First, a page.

Do you live to work, or work to live?
Inspired by her own past as an intercollegiate volleyball player then coach, Taylor researched how being a workaholic could lead to emotional, physical and mental exhaustion known as burnout.
In her recent study, “Workaholism in Sport: A Mediated Model of Work-Family Conflict and Burnout” published in the Journal of Sport Management, Taylor and her co-authors used structural modeling to examine the relationship among workaholism, employee burnout and the work-family interface within the context of intercollegiate athletics.
“We took qualitative research about concepts like work addiction that have never actually been measured, and measured them with a scale.”
Over the course of two months, they collected over 30,000 emails and information from employees working in college sports at all levels—from administrative assistants and marketers to athletic directors, and more.
While researchers found that there is a significant, positive relationship between workaholism and burnout, they also discovered that that relationship was partially mediated by family-work conflict. Employees with “conflicts” or priorities outside of work—whether it be a spouse, children, hobbies, caring for elderly parents, etc.—experienced lower levels of burnout than their workaholic colleagues.
The research illustrates that work-life conflict isn’t just a women’s issue. Past research focused on the pressure new mothers felt when it came to returning to work after maternity leave, and the large number of women in the industry that decided to quit when facing the choice of prioritizing their jobs over their families.
“But our data shows there is not much of a gender disparity here,” says Taylor. “It dispels ‘mommy myths’ and that women in the workplace experience more guilt about focusing on their career than men do.”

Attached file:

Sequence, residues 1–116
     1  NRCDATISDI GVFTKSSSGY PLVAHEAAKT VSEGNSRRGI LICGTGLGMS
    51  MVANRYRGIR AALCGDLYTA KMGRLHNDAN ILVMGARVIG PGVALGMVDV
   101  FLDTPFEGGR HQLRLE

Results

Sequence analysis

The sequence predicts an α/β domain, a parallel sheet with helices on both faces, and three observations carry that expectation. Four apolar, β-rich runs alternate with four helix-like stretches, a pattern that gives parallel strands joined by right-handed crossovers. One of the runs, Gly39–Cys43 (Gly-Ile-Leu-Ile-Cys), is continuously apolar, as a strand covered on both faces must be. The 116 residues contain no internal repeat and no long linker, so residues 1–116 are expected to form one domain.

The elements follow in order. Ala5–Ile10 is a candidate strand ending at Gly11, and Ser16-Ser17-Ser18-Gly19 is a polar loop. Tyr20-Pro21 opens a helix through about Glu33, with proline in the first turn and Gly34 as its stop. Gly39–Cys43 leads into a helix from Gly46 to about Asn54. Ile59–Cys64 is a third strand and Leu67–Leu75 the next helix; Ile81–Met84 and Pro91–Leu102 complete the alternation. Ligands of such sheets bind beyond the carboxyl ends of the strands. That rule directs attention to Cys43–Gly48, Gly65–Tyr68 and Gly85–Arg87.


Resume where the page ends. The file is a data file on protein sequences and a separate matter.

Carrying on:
Taylor asserts that this data could suggest a paradigm shift in family dynamics and a new wave of fathers who are more involved in the lives of their children. When the traditional roles of the father as the moneymaker and the mother as the childrearer are less severe, it levels the playing field.
Along with the potential societal implications of Taylor’s findings, there are also a host of theoretical and practical implications for employers and employees. “When people get to the point where work is too much, they go from enjoying their career to being burned out. But how can organizations help their employees work smarter instead of harder?”
In an industry where workers often live unsustainable lifestyles of all work and no play, what can organizations offer to mediate burnout? Schedule flexibility, telecommuting options and on-site childcare are a few options that Taylor suggests for employees in sports management. Through this research, Taylor and her colleagues have engaged with intercollegiate athletic department leaders across the country in order to foster positive workplace cultures.
For workaholics themselves, Taylor has a few suggestions. “Find something that is your outlet. For many people who work in sports, continuing to play your sport of choice can be hugely motivating. Make time for your passions outside of work.”
Findings at a glance
1. People with family conflicts experience lower levels of burnout
2. Shifting away from traditional parenting roles brings less gender disparity in workaholism and burnout
3. Organizations can mediate burnout by offering:
- Flexible schedules.
- Telecommuting options.
- On-site child care.
4. Find your passion outside of work